[Fictional] Secretary of State Thaddeus “Thunderbolt” Ross ordered Colonel James “Rhodey” Rhodes to arrest Captain America, Falcon, Black Widow, and Scarlet Witch for violations of the Sokovia Accords. Colonel Rhodes hung up on the Secretary of State and said “that’s a court martial” for violating the order. How could a defense attorney defend War Machine for not following orders?
Secretary of State Ross is Not in the Military Chain of Command
Colonel Rhodes’ first argument is that Secretary of State cannot give a lawful order to an Air Force Colonel based on the military chain of command. A lawful order would need to originate from the President, Secretary of Defense, the Joint Chiefs of Staff, Secretary of the Air Force, Air Force Chief of Staff, U.S. Northern Command, or whoever is Colonel Rhodes’ commanding officer or superior in rank. The Secretary of State is NOT in the military chain of command, thus cannot give an order to Rhodes.
Secretary of State Ross spent his professional life in the Army barking orders amounting to unlawful surveillance of U.S. Citizens in his search for Bruce Banner. While Ross is used to giving orders people follow from his days as an Army General, he was no longer on active duty while serving as the Secretary of State. Moreover, there is no one he could “order” in the military chain of command to have Captain America’s Avengers arrested.
It is possible the Avengers reported directly to the Secretary of State pursuant to legislation enacting the Sokovia Accords as law. If that is the case, Colonel Rhodes still has other valid legal defenses.
The Air Force Cannot Conduct Law Enforcement
Secretary Ross’s order to arrest Captain America’s Avengers would violate the Posse Comitatus Act. The Act expressly prohibits the Air Force from conducting law enforcement:
Whoever, except in cases and under circumstances expressly authorized by the Constitution or Act of Congress, willfully uses any part of the Army or the Air Force as a posse comitatus or otherwise to execute the laws shall be fined under this title or imprisoned not more than two years, or both.
18 USCS § 1385.
As an Air Force officer, Colonel Rhodes is barred by law from conducting law enforcement activities. There is no better example of law enforcement activities than performing arrests. As such, ordering Rhodes to perform an arrest would violate the law, thus be an “illegal order,” which Rhodes would not have to follow.
Steve Rogers and Sam Wilson were the only team members with military service. Sam Wilson was no longer on active duty. There is no evidence that Steve Rogers was AWOL from active duty, providing Colonel Rhodes legal authority to have Captain America arrested. Rogers was frozen in ice before the end of World War II for over 70 years. His service period would have ended sometime after the war, however, there are good legal questions on how much back pay Captain America is owed by the U.S. Government. Regardless, it would be a stretch to say Colonel Rhodes was a military superior of Steve Rogers and legally required to arrest the greatest soldier of all time.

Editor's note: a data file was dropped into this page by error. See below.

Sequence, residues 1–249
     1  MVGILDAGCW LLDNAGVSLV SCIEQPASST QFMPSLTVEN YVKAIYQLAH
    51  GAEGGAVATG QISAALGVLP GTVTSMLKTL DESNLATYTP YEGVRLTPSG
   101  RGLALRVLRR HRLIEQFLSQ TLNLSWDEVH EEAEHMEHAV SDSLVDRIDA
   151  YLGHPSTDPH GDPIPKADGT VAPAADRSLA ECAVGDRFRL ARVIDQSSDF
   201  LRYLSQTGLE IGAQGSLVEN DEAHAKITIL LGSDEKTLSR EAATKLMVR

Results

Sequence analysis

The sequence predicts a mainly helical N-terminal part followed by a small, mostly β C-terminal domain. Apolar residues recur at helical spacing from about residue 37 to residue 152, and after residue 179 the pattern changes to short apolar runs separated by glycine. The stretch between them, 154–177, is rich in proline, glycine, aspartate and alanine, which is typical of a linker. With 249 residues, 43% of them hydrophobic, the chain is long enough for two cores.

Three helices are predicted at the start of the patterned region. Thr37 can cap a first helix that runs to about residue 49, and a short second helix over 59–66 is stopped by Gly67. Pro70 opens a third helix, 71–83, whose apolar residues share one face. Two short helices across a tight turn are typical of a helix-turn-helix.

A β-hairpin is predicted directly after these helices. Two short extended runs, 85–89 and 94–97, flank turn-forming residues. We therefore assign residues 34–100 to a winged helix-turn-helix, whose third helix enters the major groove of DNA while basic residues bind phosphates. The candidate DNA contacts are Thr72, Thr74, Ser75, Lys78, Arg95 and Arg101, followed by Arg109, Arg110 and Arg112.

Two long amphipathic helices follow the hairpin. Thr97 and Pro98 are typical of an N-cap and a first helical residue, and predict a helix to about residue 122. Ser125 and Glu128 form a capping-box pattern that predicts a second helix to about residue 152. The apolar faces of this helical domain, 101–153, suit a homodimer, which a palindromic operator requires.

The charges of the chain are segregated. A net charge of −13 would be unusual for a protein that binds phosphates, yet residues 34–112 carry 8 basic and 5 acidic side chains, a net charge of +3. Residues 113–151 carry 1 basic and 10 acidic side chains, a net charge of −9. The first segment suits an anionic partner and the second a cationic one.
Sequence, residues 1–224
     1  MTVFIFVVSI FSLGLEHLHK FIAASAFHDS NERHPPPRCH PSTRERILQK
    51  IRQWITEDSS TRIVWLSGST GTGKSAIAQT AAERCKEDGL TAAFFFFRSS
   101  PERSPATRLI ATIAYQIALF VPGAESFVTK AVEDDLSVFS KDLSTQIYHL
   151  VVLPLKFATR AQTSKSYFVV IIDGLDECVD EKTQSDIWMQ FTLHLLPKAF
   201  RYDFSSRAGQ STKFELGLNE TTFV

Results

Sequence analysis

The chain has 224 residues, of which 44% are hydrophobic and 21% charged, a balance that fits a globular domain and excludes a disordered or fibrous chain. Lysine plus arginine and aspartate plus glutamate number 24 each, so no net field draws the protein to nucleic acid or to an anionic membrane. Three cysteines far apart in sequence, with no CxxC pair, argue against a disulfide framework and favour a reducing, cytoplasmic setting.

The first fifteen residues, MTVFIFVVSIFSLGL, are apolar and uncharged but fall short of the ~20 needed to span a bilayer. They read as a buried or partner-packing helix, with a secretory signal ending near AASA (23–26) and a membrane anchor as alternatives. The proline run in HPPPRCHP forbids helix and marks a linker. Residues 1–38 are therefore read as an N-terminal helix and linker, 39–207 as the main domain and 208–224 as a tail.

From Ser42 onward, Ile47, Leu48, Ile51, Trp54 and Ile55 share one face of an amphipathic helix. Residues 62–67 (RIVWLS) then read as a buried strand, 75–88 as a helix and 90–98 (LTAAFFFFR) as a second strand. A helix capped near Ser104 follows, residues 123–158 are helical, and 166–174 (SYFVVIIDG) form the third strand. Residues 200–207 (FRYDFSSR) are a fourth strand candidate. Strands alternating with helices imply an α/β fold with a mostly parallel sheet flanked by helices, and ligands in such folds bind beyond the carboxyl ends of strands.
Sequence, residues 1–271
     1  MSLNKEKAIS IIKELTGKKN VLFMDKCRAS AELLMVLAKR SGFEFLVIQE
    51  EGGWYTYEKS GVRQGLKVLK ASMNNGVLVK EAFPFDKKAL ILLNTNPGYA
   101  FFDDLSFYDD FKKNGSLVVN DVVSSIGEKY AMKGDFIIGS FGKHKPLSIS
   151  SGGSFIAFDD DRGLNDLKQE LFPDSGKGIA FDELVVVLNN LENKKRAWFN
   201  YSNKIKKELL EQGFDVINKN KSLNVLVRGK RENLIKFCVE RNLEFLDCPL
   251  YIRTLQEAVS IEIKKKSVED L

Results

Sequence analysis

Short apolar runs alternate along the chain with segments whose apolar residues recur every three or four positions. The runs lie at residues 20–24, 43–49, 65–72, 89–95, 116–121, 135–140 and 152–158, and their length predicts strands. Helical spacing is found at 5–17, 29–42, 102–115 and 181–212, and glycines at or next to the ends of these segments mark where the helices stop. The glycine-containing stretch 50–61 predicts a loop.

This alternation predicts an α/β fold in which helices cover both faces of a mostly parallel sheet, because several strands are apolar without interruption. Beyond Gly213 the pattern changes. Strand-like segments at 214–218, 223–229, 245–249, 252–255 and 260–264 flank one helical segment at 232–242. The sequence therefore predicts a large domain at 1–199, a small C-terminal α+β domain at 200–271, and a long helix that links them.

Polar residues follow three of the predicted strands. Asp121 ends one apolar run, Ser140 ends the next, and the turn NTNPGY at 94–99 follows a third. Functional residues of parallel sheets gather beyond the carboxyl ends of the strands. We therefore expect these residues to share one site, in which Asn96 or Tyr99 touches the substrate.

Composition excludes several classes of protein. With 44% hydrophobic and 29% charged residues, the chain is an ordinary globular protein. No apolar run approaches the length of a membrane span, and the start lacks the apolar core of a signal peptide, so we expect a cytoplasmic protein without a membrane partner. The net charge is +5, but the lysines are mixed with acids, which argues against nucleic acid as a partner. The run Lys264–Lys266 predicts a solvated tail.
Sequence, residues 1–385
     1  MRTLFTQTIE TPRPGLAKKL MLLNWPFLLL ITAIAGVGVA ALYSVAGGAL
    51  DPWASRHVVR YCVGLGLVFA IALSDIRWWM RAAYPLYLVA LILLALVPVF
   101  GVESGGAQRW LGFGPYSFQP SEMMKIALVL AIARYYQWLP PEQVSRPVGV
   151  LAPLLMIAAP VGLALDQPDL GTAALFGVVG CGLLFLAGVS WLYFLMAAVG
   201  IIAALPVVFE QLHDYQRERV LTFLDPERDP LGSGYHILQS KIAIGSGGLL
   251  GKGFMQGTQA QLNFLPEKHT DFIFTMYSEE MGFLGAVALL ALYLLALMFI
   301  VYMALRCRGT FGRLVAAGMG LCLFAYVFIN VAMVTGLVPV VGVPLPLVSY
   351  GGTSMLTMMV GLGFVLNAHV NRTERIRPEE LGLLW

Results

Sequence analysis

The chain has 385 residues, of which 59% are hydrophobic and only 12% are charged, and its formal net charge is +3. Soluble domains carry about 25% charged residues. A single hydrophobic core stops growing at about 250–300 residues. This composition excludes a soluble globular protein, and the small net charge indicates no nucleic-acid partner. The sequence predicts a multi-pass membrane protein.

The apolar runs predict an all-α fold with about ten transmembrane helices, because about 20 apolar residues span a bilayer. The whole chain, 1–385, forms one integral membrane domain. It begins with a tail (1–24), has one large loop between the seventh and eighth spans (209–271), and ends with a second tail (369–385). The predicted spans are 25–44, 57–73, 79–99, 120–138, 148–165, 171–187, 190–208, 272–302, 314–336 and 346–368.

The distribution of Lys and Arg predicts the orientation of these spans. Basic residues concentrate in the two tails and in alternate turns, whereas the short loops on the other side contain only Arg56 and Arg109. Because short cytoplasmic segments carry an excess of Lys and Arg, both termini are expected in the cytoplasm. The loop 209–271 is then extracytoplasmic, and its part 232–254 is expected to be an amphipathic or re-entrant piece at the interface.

The Order to Arrest Violated the Fourth Amendment
General Ross only ordered Colonel Rhodes to “arrest them.” There were no specific charges against the Avengers, besides Ross being upset.
The Fourth Amendment to the United States Constitution requires that arrest warrants will not be issued without probable cause supported by an affirmation that describes the person to be seized (arrested). USCS Const. Amend. 4. The Federal Rules of Criminal Procedure further state that criminal complaint and supporting affidavits must “establish probable cause to believe that an offense has been committed and that the defendant committed it.” USCS Fed Rules Crim Proc R 4.
Secretary Ross ignored the probable cause requirements for an arrest warrant and ordered the arrest of Captain America’s Avengers. As the charges against the Avengers were not stated and without an arrest warrant supported by probable cause, Rhodes was correct in not following the order.
The Arrest Order Was an Illegal Order Because the Sokovia Accords Are Unconstitutional
The Hail Mary argument for War Machine is that the Sokovia Accords are Unconstitutional, thus arresting anyone for violating them would be an unlawful act. Colonel Rhodes only has a duty to follow LEGAL orders, because an order “must command a thing not in itself unlawful or prohibited by law.” US v Kinder, 14 C.M.R. 742, 772-773 (A.F.C.M.R. 1954).
U.S. citizens since the adoption of the Sokovia Accords were held without trial on a submarine prison known as the Raft. All were denied the right to counsel. Moreover, the entire concept of a “prison ship” has been rejected in the United States because of events during the Revolutionary War. Colonel Rhodes could argue with a straight face that arresting people in violation of the 4th, 5th, 6th, and 8th Amendments would amount to an illegal order, thus he was not legally bound to follow it.
Just Say No to Illegal Orders
Colonel James Rhodes was correct in not following Secretary of State’s order, because it was not in the military chain of command, violated the 4th Amendment on its face, and was based on a treaty or enabling laws that violated the United States Constitution. Colonel Rhodes took an oath to upload and defend the Constitution, not desecrate it.